William Brady Foster v. State of Mississippi – Lindsey brief – Foster was charged with burglary and being a felon in possession of a firearm. He was acquitted of the burglary but found guilty on the felon in possession charge and sentenced as an habitual to ten years without parole. His appointed counsel filed a Lindsey brief. Foster was offered the opportunity to file a pro se brief and did not. The Court affirms Foster’s conviction and sentence.
In the Interest of M.M., S.M., A.M., Minors: Jane Doe v. Hinds County Youth Court – child in need of supervision/service of summons – The Hinds County Youth Court adjudicated Jane Doe’s son A.M. a child in need of supervision and adjudicated her two younger sons S.M. and M.M. as sexually abused children. As a result, A.M. was removed from the mother’s custody. A.M. had been sexually abused and there were allegations that he had been seen humping the younger children. A summons was issued the the mother’s previous address in Brandon and not her current address in Clinton so neither she nor A.M. were present for the hearing. Jane Doe obtained counsel and moved to set aside the court’s order due to lack of jurisdiction because of insufficient notice. Eventually A.M. was returned to his mother’s custody. The court, however, denied the motion to set aside the adjudication. Jane Doe appealed and the COA reverses holding that the judgment is void because of a jurisdictional defect in service of process. “Because the mother is challenging the judgment as void due to lack of jurisdiction, her almost nine-month delay in bringing the motion to set aside the judgment is irrelevant.”
Richard Coll v. Wal-Mart Stores East, L.P. – slip and fall – In September 2013, Coll was shopping at a Wal-Mart in Biloxi when he slipped an fell while reaching from some drinks in a Coca-Cola display. Coll stated in his deposition that he did not see anything on the floor when he entered the display and was unsure what caused him to fall, but concluded it was one of the display signs because the sign was near him on the floor after he fell. Coll settled with Coca-Cola. The trial court granted summary judgment for Wal-Mart. On appeal, the COA affirms in light of the fact that Coll had no evidence that Wal Mart either created a dangerous condition or was aware of a dangerous condition.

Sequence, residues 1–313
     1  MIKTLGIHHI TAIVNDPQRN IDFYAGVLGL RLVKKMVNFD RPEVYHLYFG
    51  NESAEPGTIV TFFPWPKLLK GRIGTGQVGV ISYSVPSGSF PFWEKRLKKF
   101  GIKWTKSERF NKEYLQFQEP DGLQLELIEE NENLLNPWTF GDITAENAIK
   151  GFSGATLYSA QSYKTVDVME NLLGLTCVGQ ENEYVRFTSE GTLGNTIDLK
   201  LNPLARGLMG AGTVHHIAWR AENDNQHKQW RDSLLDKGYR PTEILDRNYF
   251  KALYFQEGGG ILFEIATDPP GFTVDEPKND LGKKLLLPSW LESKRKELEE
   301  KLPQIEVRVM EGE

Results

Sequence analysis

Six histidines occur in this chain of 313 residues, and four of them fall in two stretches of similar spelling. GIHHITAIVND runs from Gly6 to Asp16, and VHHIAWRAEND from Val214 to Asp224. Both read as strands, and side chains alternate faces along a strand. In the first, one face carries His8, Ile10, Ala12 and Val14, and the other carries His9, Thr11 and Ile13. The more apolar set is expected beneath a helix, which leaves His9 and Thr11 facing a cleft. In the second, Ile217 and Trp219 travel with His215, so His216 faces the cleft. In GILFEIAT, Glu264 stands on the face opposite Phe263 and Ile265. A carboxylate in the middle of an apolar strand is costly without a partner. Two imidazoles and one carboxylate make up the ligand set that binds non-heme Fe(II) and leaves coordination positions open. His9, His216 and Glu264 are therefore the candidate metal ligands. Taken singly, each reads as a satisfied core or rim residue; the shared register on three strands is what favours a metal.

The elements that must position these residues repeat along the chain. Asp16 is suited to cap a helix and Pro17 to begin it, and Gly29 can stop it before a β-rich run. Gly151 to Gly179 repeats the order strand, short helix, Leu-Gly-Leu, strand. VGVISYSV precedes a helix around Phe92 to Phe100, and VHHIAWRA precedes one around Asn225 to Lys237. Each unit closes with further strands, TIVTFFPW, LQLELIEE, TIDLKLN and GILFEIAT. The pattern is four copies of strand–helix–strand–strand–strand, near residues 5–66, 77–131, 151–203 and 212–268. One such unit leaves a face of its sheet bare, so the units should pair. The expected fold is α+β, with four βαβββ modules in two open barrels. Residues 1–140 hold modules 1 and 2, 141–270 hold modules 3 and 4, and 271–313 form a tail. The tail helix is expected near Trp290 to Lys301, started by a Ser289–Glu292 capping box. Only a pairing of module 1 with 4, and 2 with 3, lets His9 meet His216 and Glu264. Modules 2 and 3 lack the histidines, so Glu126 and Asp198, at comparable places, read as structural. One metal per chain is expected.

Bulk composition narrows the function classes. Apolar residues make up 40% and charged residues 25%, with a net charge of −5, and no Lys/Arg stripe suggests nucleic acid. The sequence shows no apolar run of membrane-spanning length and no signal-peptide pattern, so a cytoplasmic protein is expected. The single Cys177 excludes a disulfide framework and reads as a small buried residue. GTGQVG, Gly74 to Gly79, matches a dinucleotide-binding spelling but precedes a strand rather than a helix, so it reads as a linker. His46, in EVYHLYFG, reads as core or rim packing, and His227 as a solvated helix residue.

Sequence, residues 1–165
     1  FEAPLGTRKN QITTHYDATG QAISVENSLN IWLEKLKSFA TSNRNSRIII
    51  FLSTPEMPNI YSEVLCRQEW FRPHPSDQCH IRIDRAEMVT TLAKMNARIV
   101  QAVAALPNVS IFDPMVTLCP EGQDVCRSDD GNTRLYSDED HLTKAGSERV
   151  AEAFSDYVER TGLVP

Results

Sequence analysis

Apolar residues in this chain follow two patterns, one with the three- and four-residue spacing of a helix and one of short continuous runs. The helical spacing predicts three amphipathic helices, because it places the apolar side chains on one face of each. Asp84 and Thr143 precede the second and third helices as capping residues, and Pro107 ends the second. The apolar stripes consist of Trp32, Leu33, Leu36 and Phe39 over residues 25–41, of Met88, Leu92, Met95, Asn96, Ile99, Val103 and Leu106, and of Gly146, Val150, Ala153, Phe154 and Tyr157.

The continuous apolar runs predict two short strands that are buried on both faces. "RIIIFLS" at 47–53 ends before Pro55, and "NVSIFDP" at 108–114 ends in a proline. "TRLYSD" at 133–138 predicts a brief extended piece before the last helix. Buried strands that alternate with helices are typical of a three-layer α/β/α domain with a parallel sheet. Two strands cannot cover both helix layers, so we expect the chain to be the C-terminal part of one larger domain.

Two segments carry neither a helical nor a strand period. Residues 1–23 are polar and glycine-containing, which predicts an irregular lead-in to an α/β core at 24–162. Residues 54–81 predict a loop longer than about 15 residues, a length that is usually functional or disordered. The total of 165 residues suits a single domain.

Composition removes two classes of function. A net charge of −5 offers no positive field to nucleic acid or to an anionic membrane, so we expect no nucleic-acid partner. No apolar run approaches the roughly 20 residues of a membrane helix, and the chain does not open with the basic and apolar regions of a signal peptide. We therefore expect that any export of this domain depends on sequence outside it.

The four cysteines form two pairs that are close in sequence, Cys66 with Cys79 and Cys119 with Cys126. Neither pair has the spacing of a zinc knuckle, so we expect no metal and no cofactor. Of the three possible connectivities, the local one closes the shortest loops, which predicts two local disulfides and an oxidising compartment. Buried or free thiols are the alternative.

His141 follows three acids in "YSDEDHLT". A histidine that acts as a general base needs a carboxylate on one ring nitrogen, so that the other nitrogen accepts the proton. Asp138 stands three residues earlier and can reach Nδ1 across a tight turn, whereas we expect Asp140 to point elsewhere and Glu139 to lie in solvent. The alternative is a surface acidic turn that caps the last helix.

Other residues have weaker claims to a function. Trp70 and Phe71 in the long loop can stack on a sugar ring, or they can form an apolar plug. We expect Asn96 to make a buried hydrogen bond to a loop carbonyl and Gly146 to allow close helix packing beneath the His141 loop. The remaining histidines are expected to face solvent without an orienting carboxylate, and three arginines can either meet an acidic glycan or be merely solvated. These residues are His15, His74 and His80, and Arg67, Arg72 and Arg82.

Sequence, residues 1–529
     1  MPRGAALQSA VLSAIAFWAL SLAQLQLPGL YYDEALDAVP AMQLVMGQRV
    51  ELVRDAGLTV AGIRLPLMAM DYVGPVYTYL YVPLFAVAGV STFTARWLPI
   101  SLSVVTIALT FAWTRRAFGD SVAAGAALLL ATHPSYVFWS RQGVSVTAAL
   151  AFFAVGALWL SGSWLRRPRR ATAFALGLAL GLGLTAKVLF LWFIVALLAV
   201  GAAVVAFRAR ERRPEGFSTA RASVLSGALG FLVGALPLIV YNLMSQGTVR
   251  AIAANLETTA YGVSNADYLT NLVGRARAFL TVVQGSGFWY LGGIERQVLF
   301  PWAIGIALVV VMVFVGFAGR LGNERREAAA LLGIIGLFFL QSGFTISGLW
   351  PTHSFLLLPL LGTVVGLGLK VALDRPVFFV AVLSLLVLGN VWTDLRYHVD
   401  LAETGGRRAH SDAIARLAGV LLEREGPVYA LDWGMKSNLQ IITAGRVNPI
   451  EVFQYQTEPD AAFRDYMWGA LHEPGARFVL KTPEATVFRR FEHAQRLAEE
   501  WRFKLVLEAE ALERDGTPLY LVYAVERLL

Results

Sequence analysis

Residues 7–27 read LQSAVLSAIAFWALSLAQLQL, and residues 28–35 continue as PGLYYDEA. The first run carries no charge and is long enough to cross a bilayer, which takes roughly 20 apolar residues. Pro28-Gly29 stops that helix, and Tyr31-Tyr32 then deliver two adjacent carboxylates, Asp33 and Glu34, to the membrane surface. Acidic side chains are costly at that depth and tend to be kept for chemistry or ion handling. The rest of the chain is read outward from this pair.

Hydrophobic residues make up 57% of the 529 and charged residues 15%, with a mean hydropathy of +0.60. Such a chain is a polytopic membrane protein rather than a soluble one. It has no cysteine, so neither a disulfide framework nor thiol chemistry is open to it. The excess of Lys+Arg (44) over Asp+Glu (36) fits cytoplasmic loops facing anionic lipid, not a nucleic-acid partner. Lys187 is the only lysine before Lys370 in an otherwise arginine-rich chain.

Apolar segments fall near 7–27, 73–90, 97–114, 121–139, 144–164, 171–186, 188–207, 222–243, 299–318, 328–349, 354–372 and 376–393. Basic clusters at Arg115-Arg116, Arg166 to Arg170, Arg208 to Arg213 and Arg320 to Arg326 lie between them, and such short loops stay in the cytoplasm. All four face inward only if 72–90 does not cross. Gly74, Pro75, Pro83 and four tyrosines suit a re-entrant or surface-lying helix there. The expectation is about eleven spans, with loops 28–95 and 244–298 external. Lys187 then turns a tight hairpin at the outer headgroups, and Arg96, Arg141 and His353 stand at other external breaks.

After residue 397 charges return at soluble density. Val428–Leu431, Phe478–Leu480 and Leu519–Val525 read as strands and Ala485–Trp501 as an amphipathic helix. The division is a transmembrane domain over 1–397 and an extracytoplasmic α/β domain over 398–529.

Johnny Lewis Washington v. State of Mississippi – PCR jurisdiction – Washington was convicted of capital murder for the killing of a man during an armed robbery in Lowdnes County. He was eventually granted a new sentencing hearing by the Fifth Circuit on the grounds that the jury had been precluded from hearing non-statutory mitigating factors. His attorney filed a motion to waive a jury trial and to impose a life sentence. The court did so. In 2015 he filed a pcr which the trial court denied as lacking merit. On appeal, the COA finds that because Washington was found guilty by a jury, he should have asked the Mississippi Supreme Court for permission to file a pcr in the trial court and because he did not, the trial court was without jurisdiction.
Ola Kirk v. Mississippi Department of Public Safety – sex discrimination – Kirk applied for the position of lieutenant with the Department of Public Safety in 2013. When she was denied promotion, she sued claiming gender discrimination. Both the Employee Appeals Board and the Circuit Court found against Kirk and she appeals. The COA affirms.
Cameron Travelstead v. State of Mississippi – child pornography – Travelstead was indicted in 2011 for exploitation of a child by possessing child pornography under Miss. Code Ann. § 97-5-33 (5). He was eventually tried in October 2015 and found guilty. The charges arose over Travelstead’s use of a peer-to-peer networking software program called FrostWire. Peer-to-peer networking software allows users to share electronic media between themselves directly over the Internet. Law enforcement discovered that an IP address belonging to Travelstead’s uncle had downloaded child pornography. Travelstead admitted to downloading pornography to his laptop computer. The agents later performed a forensic examof Travelstead’s computer and found numerous deleted photos constituting child pornography, as well as child-pornography search terms used in searches that had been performed using the computer’s search engines. He was convicted. On appeal he argues the trial court admitted hearsay, that there was improper argument by the prosecutor, and ineffective assistance of counsel. The COA affirms.
Remill Mason v. State of Mississippi – de facto life for juvenile – In June 2008, fifteen-year-old Remill Mason killed Terrell Richmond by shooting him in the back of the head. He was indicted for deliberate design murder but he pled guilty to manslaughter and kidnapping. The circuit judge imposed consecutive sentences of twenty and thirty years. In 2014, Mason filed a second PCR motion claiming he was innocent of the kidnapping charge and that his sentence violated the Eighth Amendment as per Miller v. Alabama, 132 S. Ct. 2455 (2013). The circuit court denied Mason’s motion and he appealed. The COA affirms. Justices Barnes, Irving and Westbrook would remand for a hearing as to whether Mason’s fifty year sentence “constitutes a ‘de facto’ life sentence that affords him consideration of the factors discussed in Miller.”
Pro Se PCR appeals affirmed: